Advice from a Bootstrapper

Dr. Jeffrey R. Cornwall writes:

I just finished several weeks of teaching about bootstrapping to my students. I wrapped up the unit with a visit from Charles Hagood, co-founder of The Access Group, which was the feature of a recent Entrepreneurial Showcase at this site. Charles shared his advice on being a successful bootstrapper:

1. Cash is King. Enough said!

2. Sometimes Less is More. Having fewer resources can force a business to be more flexible and more resourceful. For example, Southwest Airline’s business model grew out of the limited number of planes that they had to work with during their start-up.

3. Keep Your Priorities in Order. Never compromise your ethical principles, even when money it tight.

4. Enjoy the Ride. Love what you do in your business and enjoy each day. That will make the lean times easier to take.

5. Cut Costs, Not Quality. Focus your money on customers when money is scarce.

6. Impress Your Customers, Not Yourselves. Don’t waste money competing internally over who has the best stuff. Invest it in your customers and in your product.

7. If You Have $1 Left in the Bank, Spend in on Marketing. Even when the market is not buying your product stay in front of them so they will remember you when things pick up.

8. Always Look Bigger and Tougher Than You Are. See my post from earlier today for ideas on this.

9. Continuously Reassess Your Business for Wasteful Spending.

Being an Entrepreneur is very rewarding when everything comes together, however getting to that point is quite a challenge. Even more so when you wear many different hats and have to juggle from one roll to the next; sales, marketing, product development, qa, web presence etc. We really do need all of the help we an get.

There is a lot of good information to be found on the web on Entrepreneurship, running a small business, marketing etc. and unfortunately also a lot of “me too” dross.

Jeff Cornwall’s, The Entrepreneurial Mind is well worth reading if you have the slightest interest in Entrepreneurship.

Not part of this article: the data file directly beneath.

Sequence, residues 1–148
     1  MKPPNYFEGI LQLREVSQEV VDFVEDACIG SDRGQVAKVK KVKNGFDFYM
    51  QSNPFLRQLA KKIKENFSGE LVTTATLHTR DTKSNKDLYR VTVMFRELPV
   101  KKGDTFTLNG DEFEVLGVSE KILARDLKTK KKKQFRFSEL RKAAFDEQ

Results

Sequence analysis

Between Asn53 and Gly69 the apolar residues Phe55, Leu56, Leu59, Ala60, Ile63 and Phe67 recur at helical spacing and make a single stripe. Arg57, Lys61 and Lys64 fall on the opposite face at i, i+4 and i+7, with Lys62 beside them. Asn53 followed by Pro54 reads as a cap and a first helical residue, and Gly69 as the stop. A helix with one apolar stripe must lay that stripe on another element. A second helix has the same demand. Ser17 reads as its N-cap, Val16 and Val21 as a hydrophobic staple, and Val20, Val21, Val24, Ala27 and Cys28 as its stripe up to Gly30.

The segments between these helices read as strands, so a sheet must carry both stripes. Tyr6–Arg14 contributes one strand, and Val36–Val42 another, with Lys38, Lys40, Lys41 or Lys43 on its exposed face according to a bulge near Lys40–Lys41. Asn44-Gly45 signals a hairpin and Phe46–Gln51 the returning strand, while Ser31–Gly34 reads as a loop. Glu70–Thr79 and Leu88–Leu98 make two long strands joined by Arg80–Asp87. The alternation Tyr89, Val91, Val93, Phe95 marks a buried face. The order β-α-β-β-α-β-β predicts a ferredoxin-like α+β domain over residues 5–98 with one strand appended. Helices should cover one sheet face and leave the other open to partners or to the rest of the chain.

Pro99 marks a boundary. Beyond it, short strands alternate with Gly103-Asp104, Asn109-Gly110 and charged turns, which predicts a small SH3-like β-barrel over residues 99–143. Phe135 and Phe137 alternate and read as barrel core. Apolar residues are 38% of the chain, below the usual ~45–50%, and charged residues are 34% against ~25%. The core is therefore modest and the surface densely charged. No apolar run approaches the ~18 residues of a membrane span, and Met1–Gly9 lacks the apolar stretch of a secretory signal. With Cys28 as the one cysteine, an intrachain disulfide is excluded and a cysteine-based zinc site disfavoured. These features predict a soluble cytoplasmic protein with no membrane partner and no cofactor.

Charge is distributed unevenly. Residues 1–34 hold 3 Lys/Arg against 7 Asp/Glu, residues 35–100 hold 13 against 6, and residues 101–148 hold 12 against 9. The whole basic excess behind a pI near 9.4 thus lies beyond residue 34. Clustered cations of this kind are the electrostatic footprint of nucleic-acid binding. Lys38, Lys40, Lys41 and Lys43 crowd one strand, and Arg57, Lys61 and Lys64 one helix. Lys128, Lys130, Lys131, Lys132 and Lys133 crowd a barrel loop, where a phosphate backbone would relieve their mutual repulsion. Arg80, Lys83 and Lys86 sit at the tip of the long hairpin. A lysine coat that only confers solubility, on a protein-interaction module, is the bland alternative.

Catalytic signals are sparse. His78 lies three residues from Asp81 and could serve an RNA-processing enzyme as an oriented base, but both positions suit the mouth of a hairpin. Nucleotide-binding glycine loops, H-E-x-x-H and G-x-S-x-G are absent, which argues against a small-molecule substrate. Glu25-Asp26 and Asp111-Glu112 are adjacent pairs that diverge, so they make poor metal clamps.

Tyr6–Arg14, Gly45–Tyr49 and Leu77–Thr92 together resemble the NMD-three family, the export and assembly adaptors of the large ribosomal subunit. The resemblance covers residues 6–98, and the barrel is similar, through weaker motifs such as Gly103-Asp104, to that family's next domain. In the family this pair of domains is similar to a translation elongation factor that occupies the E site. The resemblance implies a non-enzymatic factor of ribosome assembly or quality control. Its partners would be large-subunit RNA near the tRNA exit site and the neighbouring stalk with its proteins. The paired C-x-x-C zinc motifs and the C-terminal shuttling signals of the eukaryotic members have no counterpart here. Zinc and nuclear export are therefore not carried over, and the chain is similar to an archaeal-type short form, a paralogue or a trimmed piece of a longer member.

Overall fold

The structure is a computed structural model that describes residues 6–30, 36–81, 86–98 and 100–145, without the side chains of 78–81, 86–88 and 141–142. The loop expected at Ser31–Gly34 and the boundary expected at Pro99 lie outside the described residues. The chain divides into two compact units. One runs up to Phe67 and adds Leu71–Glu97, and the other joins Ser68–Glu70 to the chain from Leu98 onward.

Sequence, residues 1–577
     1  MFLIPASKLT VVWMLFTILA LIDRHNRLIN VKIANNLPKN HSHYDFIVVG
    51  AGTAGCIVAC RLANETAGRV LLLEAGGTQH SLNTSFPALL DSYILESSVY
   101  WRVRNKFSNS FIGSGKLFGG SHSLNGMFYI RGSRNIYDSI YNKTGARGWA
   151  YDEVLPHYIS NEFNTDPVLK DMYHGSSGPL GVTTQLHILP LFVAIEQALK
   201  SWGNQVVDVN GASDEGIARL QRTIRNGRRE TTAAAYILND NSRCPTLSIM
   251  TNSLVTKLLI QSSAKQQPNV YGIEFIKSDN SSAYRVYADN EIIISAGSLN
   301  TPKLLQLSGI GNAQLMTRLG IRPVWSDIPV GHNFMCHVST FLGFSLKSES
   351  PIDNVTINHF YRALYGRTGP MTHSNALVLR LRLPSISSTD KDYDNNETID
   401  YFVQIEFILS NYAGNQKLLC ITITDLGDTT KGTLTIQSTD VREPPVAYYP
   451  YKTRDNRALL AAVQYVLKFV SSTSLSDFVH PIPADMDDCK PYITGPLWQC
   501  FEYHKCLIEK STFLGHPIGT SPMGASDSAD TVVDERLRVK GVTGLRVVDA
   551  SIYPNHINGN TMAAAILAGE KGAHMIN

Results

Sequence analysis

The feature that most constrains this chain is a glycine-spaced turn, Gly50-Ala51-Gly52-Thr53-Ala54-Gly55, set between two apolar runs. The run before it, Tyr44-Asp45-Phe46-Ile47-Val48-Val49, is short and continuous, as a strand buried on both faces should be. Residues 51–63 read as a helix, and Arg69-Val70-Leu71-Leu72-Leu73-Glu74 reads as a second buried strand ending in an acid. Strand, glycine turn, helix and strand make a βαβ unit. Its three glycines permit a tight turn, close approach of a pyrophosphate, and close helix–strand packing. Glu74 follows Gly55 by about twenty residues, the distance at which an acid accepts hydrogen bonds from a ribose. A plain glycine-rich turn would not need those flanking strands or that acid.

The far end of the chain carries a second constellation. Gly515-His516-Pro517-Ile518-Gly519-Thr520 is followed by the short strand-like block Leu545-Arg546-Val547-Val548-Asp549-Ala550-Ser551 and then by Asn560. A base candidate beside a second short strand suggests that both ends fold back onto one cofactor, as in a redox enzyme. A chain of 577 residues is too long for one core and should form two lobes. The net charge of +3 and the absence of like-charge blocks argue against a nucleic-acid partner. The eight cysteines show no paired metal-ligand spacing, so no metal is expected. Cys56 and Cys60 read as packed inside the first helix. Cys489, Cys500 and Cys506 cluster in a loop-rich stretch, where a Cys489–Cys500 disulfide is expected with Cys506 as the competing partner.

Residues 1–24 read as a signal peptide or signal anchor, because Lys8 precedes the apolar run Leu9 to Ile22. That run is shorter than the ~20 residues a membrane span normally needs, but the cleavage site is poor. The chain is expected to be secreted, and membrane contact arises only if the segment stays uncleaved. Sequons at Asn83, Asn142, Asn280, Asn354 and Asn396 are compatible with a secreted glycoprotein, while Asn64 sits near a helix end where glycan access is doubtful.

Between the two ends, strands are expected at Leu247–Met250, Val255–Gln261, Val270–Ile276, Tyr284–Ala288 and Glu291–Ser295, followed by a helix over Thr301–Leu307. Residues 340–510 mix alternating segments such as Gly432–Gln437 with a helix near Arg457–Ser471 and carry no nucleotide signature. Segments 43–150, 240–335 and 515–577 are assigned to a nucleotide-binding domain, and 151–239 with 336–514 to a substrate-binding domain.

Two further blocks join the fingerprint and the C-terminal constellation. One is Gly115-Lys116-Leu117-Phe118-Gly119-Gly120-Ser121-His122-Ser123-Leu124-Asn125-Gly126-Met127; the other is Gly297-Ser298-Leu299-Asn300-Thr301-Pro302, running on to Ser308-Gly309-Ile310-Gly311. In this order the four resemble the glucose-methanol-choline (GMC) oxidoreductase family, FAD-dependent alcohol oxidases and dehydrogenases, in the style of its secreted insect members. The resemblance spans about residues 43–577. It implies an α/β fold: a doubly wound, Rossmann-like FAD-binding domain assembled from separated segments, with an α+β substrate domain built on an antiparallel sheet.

Information Organisation

David Weinberger writes:

We’ve organized knowledge into trees, from Aristotle to Linnaeus to Dewey. You get a tree by doing the basic thing of lumping and splitting, and then splitting the lumps until you get to a lump that is too unitary or miscellaneous to bear any more splitting. But lumping and splitting has been constrained by physical limitations. For example:

1. A thing has to go in one pile or another. For Aristotle, this was expressed as the Law of Identity (A is A and A is not not-A), a pretty basic rule. Continue reading “Information Organisation”

Supermarkets need to lift their game

I’ve just finished reading an article in yesterdays Melbourne Age Business section about how Australian retailers are way behind in their use of technology and how they need to lift their game to be competitive and keep customers coming back to their stores.

Well I can tell you one really simple thing that they can do that will greatly help retain me as a loyal customer and doesn’t require any high tech expenditure! Simply stop moving the damn goods around to different aisles every few months. Just when your mental map thinks it knows where everything is they go and move stuff. I don’t know, maybe this peculiar to Australia or even Melbourne but it drives me absolutely nuts and wastes my valuable time.

And who dreams up some of these product positioning strategies. I mean is it remotely logical to have toilet paper next to canned fruit. Arghhh! helps small-medium sized businesses strategically use technology to grow their businesses and provides news, articles, discussion boards, resources, analysis & events for the owners of small-medium sized businesses.

I’ve just discovered because, I’m pleased to say they’ve written a glowing review of Surfulater which you can see here.

I’ve not had much time to dig around here yet, but it looks like there is lots of good stuff to read.

Our Web hosting debacle

What a crappy week this has been. We’ve had a Web server with for going on 2 years. Overall they’ve been a great company to host with, but in the later part of last year some some strange things started showing up. Then we heard that Dinix had been either bought out our merged with Web Hosting Plus (WHP). The new owners assured as business would go on as usual and they had lots of experience in these takeovers and migrating our servers. So far so good. Continue reading “Our Web hosting debacle”

Welcome to my cantina

Ok here we go. The buzz these days is about blogs, so like so many who have come before me, I’ve finally stolen some time to start a blog.

I hope you’ll find something of interest here as time goes on and the blog develops. I don’t intend to push a strict regime of posting every day but I will post whenever I have something worthwhile to say.

I look forward to your contributions.